Who Should Pay for Lobbying?
Proceedings begin in lawsuit about taxpayer-funded lobbying
The two sides differ on what constitutes prohibited activities, however. To AFP, Local Government Code statute 89.002 is clear on that point, as it states that "commissioners court may spend, in the name of the county, money from the county's general fund for membership fees and dues of a nonprofit state association of the counties if neither the association nor the employee of the association directly or indirectly influences or attempts to influence the outcome of any legislation pending before the Legislature." But according to the plaintiffs' pleadings: "What TAC is allowed to do is serve as an 'information source,' not as an advocate." Venable says that taxpayer-funded lobbying "shields elected officials of cities, counties, and schools by allowing them to hide behind lobbying organizations and other hired guns."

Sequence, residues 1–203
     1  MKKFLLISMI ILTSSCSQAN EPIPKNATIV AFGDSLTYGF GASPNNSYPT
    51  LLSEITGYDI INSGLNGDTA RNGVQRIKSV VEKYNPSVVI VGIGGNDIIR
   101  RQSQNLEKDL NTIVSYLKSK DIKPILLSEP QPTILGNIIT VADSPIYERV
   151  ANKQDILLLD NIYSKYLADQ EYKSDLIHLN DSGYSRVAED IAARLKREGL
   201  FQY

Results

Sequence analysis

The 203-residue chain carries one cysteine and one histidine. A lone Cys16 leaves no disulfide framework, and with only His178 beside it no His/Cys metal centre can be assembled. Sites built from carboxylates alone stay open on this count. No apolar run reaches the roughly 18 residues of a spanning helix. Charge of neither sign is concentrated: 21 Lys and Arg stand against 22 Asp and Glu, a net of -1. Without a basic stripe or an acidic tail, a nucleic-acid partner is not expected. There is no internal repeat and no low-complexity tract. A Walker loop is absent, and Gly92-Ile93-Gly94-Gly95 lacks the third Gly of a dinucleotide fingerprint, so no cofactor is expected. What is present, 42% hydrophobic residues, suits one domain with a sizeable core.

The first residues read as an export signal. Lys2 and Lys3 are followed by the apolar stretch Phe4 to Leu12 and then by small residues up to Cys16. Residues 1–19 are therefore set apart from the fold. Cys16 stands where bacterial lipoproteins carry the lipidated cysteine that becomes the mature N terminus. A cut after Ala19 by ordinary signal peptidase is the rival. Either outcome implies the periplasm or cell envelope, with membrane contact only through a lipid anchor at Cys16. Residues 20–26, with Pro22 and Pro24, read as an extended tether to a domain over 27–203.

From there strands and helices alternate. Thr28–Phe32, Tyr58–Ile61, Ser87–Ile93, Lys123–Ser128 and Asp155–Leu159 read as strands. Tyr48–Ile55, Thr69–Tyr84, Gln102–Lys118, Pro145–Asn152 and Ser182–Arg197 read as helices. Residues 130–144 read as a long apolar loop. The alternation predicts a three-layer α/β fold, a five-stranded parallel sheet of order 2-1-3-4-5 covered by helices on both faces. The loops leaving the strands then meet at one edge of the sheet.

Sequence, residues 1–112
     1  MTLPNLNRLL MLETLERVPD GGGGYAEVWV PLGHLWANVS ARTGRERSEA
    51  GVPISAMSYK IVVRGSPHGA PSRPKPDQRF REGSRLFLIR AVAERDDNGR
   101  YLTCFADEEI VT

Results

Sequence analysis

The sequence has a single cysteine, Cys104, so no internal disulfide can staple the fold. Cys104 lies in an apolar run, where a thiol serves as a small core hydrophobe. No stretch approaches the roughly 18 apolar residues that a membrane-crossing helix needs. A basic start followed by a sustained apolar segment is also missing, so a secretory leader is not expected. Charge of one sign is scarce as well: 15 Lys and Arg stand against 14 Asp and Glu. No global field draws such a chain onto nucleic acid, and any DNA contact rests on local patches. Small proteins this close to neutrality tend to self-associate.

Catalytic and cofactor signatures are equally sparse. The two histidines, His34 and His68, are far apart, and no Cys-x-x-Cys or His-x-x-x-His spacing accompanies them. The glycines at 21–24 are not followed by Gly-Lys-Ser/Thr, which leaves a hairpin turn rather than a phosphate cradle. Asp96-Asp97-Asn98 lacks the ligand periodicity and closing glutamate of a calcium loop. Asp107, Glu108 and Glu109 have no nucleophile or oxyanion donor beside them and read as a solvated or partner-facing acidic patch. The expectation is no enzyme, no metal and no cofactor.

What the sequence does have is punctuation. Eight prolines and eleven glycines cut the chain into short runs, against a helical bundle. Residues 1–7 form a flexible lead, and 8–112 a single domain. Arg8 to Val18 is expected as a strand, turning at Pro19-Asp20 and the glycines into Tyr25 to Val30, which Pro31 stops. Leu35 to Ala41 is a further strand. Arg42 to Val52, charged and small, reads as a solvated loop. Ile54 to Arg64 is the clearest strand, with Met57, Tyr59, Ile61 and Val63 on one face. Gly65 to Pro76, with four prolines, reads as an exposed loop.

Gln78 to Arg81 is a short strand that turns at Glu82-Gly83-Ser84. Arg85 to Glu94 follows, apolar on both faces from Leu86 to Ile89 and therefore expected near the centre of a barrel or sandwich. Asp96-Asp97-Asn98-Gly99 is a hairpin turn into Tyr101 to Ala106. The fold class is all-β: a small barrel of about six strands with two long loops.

C. Robert Heath, an attorney hired by WilCo and TAC, draws upon reforms, passed decades ago by the Texas Legislature, to define what lobbying activities are taboo with respect to tax-funded agencies. "Lobbyists can't pass money under the table, put on lavish events with food and drink, make contributions to campaigns," Heath said. His pleading states that lobbying has an "important role" in the legislative process. "In the ideal situation, a lobbyist's primary role is one of providing lawmakers with information in hopes of influencing legislative decisions," he wrote.
One of APFD's goals is to publicize how tax-funded lobbying has of late assumed a nefarious camouflage. According to Brauner, "Agencies may have two pockets. One pocket does the lobbying, and the other pocket gets the government money." The case is being heard by Judge Ken Anderson in 277th District Court.